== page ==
So if size is less desirable, what is rising to the top of the housing wish-list? Here are a few top trends in housing today:
As the cost of… everything… goes up, people are looking to energy-efficiency to save money. Tighter, well-insulated houses that hold their temperature (another aspect of smaller spaces and efficient design, on top of the use of technological energy-saving features), fixtures and appliances that consume less electricity, and heating components (like furnaces, water heaters, or ranges/ovens) that consume less fuel are top commodities for energy-conscious buyers.
Energy efficiency, the reduction of energy use and its associated carbon footprint, is a big part of green living, but there is a lot more behind this trend. Eco-friendly materials (either sustainably grown, recycled, or produced using green, waste-reducing methods) are a top feature for eco-minded buyers, as are low-emission windows, doors, and roofs, water efficient plumbing features. Another green feature is the return of the home garden for food and fun.
Downsizing their financial output is inspiring many people to downsize their lives. Many modern conveniences are becoming just that: a convenience, not a necessity. Stepping down to the true necessities is prompting new housing evaluations. Extra square footage in bathrooms, hallways, and other areas are being re-assessed and removed from new construction, re valued in existing homes. Housing upgrades are becoming more reserved and housing choices more modest.
Instead of expending in size, homeowners are looking to expand in quality: not a bigger kitchen, just a nicer, space-efficient one. Space-saving technology is booming in connection to quality materials. Homeowners are also more likely to splurge on the better flooring when there are fewer feet of floor or the fancier washer and drier in a compact configuration.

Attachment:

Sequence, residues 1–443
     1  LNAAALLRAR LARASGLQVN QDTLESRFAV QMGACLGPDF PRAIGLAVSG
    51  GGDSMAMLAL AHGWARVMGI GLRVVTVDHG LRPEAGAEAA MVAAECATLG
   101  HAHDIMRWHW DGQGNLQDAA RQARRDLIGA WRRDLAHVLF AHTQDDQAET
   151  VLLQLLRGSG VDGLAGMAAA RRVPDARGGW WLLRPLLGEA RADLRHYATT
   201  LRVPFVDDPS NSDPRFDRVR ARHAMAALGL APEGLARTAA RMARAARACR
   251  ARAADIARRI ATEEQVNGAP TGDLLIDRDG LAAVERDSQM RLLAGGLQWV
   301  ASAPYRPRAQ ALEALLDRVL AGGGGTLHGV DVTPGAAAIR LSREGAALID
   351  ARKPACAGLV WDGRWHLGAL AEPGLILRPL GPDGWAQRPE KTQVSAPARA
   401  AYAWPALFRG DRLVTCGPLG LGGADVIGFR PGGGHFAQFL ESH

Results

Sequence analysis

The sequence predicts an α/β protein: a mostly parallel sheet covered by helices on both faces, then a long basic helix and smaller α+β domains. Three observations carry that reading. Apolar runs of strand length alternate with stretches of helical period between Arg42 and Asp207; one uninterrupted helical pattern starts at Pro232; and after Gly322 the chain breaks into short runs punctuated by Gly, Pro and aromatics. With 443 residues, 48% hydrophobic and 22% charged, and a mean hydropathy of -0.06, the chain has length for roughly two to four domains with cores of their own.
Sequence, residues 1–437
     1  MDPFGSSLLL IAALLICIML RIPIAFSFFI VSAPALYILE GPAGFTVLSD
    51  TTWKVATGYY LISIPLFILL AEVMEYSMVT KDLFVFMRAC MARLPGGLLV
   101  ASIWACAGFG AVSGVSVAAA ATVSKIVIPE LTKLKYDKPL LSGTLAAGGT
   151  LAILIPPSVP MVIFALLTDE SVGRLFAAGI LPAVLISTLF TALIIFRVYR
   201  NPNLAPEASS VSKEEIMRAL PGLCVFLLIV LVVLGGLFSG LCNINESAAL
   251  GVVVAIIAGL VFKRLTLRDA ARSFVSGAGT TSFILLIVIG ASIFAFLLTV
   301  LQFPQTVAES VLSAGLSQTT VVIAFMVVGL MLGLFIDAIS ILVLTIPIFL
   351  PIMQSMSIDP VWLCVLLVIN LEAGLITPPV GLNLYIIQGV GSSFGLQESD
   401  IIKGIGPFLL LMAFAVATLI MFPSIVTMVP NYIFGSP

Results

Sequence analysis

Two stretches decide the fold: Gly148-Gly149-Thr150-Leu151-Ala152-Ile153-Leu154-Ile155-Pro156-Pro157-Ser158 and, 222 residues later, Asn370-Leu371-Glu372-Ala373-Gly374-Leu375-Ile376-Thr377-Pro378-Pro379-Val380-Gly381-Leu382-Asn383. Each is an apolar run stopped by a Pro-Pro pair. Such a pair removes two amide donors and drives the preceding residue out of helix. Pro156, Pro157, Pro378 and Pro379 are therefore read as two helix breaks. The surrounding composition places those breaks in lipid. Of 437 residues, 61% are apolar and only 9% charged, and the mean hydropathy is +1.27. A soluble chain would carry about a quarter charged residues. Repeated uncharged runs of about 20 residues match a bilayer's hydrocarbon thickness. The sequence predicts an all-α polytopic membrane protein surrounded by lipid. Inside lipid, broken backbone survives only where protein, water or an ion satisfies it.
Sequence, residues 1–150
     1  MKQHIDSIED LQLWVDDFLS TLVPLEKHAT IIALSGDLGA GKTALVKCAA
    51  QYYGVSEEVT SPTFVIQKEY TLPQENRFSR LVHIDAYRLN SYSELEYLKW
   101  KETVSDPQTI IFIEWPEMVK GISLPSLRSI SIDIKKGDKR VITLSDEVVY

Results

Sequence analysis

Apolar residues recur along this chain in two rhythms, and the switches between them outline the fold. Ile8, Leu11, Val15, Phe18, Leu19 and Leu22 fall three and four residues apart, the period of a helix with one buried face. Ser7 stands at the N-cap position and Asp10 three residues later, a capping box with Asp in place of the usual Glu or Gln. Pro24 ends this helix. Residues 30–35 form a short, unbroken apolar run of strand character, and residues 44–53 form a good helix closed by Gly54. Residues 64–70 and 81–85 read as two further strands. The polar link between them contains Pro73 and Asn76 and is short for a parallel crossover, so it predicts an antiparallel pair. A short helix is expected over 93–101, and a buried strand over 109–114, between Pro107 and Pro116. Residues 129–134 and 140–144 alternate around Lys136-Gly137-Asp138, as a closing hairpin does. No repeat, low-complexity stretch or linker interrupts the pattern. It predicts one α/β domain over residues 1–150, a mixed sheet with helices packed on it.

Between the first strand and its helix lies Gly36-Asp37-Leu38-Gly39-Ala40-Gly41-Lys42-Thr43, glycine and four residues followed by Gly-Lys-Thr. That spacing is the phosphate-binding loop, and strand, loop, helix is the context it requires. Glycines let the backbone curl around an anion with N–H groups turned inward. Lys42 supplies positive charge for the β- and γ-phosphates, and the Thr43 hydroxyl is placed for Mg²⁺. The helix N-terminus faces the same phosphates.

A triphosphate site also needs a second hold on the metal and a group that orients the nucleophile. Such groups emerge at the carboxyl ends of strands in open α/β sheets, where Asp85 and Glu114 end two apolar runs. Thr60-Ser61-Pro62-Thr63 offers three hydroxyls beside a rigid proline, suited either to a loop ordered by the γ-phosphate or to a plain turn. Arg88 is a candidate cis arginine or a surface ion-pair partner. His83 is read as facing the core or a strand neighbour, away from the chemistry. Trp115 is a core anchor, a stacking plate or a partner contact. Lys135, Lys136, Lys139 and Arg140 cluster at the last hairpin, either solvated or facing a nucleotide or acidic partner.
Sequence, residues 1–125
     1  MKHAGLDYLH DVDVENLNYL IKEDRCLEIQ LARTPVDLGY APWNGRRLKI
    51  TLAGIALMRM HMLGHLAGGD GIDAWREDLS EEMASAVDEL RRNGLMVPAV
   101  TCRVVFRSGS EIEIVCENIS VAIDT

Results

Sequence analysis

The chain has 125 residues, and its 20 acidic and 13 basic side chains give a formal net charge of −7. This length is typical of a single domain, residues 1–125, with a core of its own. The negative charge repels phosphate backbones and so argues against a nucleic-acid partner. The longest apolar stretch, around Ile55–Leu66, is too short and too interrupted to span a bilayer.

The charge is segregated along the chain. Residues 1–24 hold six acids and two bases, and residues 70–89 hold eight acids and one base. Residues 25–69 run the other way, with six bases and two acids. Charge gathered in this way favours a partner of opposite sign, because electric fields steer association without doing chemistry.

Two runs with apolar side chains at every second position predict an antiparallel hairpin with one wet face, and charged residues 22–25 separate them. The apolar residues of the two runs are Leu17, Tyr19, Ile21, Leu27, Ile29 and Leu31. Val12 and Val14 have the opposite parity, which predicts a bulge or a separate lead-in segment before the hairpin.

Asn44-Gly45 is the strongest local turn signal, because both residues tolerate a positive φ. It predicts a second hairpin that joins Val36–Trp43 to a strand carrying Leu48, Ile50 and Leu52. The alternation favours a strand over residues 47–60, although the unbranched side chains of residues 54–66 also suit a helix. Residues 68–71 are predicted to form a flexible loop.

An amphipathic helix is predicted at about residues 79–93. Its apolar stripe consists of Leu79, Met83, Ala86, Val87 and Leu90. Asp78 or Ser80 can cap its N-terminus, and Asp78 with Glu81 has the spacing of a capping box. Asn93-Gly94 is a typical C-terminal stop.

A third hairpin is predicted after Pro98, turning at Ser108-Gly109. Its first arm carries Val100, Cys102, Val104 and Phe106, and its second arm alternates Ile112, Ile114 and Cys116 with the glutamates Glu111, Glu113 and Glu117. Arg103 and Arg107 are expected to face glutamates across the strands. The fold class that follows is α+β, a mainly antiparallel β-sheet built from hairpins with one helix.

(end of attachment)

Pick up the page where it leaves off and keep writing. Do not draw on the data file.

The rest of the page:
Whether you call it cohabitation, the extended family home, the on-site apartment, mother –in-law suite, or “doubling up,” Americans are rethinking living closer. Many are converting existing garage space or basements into living quarters, using extra rooms for extra income with family or standard renters. Moving grown children or aging parents back into the home is not only a more cost-efficient model, it’s also helping many families reconnect and care for each other. Families renting out their unused spaces are generating new avenues of income and forming new (or rediscovering old) ideas about living with other people.
Sprawling yards and long commutes are losing their appeal, while smaller lots and walking communities are shining anew. Urban areas are getting a much-needed boost in fixer-upping as the costs and benefits of close-living communities in easy reach of stores, work, and mass-transit are rediscovered.
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About The Author: Tom Davidson is the acting Director of Sales & Operations for Express Schools, LLC. Since 1996 the companies under this banner have offered online real estate licensing and insurance licensing courses as well as online real estate exam prep and insurance exam prep.